Are Our Elites Crazy?

Pollster Scott Rasmussen conducted two separate surveys, each covering 1,000 “Members of the Elites.” The results are remarkable, not to say shocking. But the starting point is, who was defined as “elite” for purposes of these surveys?

The Elites are defined as those having a postgraduate degree, a household income of more than $150,000 annually, and living in a zip code with more than 10,000 people per square mile. Approximately 1% of the total U.S. population meets these criteria.

Ten thousand people per square mile represents a high-density urban environment. But in that context, $150,000 a year is no princely salary. Nationwide, it takes far more–around $650,000 annually–to be in the top 1% in income. A person who lives in a big city and earns $150,000 is not, in any financial sense, elite.

So the key element in Rasmussen’s formula is having a postgraduate degree. Basically, what we are surveying here is people with graduate degrees who live in cities, the large majority of whom don’t make a great deal of money. Many in that group are probably women, although Rasmussen says the survey results were “lightly weighted” by gender, age and race. Rasmussen also defined a subcategory of “Ivy League elites,” consisting of graduates of one of the eight Ivy League schools, plus Northwestern, Duke, Stanford and the University of Chicago.

These “elites,” so defined, are living in another world than the rest of us. They are extraordinarily loyal to the regime; 84% of them approve of Joe Biden’s performance as president. I wouldn’t have thought you could get that high an approval rating if you sampled the Democratic National Committee. And 70% of the “elites” trust the government to do the right thing most of the time; that rises to 89% among those who are “the most politically active members of the elite.”

These elites even trust journalists: 79% have a favorable opinion of them, as do 84% of the “Ivy League elite.”

When it comes to policy, these people are crazy. Forty-seven percent say that America suffers from too much freedom, compared with only 21% who think we have too much government control. Among the Ivy League elite, 55% say America is too free, with only 15% saying we have too much government.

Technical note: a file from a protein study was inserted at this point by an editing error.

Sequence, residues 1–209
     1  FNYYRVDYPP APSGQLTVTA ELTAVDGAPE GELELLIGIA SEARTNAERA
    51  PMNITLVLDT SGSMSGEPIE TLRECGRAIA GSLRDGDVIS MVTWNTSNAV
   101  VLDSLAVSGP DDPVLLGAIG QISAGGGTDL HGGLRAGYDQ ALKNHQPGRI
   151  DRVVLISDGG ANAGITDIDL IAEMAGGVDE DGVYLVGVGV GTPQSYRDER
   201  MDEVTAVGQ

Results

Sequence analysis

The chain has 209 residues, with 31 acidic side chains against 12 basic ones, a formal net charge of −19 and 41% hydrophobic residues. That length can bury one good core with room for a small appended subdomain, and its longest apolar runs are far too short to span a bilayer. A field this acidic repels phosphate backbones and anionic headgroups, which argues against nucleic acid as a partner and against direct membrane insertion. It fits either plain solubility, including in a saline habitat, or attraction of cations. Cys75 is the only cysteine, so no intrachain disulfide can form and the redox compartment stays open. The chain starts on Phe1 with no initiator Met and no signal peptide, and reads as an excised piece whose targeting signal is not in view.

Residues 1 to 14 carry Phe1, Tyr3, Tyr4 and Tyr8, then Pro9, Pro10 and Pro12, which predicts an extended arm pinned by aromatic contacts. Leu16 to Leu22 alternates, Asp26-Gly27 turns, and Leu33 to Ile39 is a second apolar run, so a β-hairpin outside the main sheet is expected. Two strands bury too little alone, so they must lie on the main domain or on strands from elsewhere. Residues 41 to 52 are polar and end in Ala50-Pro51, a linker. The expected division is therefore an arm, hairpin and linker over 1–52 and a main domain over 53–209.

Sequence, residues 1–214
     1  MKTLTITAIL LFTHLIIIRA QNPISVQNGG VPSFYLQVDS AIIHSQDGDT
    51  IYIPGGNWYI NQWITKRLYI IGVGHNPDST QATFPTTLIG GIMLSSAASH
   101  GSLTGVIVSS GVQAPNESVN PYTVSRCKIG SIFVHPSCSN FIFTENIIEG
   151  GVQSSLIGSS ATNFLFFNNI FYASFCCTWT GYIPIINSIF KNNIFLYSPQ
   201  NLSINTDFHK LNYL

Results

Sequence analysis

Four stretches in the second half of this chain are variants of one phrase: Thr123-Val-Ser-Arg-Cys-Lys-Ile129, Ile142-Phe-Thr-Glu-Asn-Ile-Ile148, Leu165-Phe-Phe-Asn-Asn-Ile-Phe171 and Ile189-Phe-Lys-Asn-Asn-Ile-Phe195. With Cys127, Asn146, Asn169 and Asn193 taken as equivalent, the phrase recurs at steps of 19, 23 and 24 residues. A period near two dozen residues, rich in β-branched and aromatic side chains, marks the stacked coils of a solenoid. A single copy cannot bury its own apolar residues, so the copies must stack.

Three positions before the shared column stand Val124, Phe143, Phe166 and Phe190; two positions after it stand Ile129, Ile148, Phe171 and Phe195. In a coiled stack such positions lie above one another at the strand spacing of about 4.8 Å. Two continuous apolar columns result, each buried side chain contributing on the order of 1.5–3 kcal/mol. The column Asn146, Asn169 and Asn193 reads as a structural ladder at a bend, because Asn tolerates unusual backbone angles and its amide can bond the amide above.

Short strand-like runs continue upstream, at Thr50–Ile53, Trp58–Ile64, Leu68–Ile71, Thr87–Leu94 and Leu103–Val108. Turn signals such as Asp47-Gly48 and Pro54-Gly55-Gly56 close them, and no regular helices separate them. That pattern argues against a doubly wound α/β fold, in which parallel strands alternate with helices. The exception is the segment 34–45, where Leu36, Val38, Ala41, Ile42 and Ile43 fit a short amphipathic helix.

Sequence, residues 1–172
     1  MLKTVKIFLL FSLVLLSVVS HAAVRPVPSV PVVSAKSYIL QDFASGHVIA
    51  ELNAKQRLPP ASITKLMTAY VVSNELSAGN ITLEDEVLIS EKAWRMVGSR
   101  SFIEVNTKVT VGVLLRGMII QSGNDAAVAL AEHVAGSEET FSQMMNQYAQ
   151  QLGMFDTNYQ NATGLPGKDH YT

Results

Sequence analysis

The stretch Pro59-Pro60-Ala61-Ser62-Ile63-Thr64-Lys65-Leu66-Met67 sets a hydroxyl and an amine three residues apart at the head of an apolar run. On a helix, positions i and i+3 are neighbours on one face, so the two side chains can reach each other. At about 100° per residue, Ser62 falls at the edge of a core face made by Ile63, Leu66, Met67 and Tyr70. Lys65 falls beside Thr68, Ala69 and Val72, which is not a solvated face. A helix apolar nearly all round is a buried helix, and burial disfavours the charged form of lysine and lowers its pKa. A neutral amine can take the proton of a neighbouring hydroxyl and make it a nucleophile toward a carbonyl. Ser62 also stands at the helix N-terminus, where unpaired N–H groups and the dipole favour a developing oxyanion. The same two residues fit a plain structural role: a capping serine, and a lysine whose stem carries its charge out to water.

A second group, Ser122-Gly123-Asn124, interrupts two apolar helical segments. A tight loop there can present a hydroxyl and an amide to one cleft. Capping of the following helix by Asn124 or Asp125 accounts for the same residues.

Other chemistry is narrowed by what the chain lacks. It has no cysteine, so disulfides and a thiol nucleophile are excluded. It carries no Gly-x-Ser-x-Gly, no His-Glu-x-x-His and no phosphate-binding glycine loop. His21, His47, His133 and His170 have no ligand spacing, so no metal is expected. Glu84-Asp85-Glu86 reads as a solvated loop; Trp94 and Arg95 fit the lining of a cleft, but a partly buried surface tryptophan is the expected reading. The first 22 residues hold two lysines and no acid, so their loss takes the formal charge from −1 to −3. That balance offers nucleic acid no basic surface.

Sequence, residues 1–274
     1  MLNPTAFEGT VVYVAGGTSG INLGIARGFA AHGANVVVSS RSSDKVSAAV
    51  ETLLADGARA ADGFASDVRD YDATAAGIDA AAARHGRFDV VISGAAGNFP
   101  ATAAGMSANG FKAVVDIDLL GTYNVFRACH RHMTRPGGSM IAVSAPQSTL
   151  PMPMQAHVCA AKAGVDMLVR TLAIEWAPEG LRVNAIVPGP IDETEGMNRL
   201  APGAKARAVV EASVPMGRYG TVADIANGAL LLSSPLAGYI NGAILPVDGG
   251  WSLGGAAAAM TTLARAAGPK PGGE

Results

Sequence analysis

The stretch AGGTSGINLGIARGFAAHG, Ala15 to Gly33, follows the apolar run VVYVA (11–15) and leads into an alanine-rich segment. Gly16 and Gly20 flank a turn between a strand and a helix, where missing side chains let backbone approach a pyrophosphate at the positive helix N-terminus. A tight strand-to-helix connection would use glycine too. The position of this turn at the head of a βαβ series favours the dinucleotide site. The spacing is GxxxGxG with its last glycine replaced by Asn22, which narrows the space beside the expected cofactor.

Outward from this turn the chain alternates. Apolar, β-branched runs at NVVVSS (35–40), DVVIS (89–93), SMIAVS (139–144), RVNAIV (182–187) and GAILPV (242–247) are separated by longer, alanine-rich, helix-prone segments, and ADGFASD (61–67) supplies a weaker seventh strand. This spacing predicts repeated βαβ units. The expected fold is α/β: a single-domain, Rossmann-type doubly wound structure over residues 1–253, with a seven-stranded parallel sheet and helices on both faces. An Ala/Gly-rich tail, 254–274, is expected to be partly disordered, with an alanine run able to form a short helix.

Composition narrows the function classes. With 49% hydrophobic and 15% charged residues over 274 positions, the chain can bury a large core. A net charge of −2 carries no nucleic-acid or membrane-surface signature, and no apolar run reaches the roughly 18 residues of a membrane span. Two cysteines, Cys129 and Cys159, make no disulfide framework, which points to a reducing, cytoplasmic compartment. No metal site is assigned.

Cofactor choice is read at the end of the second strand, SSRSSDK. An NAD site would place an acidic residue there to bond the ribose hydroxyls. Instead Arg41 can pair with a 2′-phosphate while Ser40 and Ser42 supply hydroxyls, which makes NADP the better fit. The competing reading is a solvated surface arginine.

So how do the elites want to limit our excessive freedom? A shocking 77% say they favor the “strict rationing of gas, meat and electricity.” That basically means living in a poor, totalitarian state like the USSR. And by 89% to 10%, the Ivy League elites want to see “strict rationing” of these most basic commodities.

These “elites” are fascists. Large majorities want to ban gas stoves (69%), gasoline powered cars (72%), non-essential air travel (55%), SUVs (58%) and air conditioning (53%). The Ivy League elites are even worse: the corresponding numbers are 80% for gas stoves, 81% for gasoline powered cars, 70% for non-essential air travel, 66% for SUVs, and 68% want to ban air conditioning. There is no polite way to put it: they are fascists.

There is more at the link. The people whom Rasmussen has identified are obviously dangerous to our democracy. If they take over, we are finished. More study needs to be done to figure out who, exactly, they are, so we can root them out and negate their influence. In the meantime, some moderate measures probably need to be taken. Like abolishing the Ivy League.

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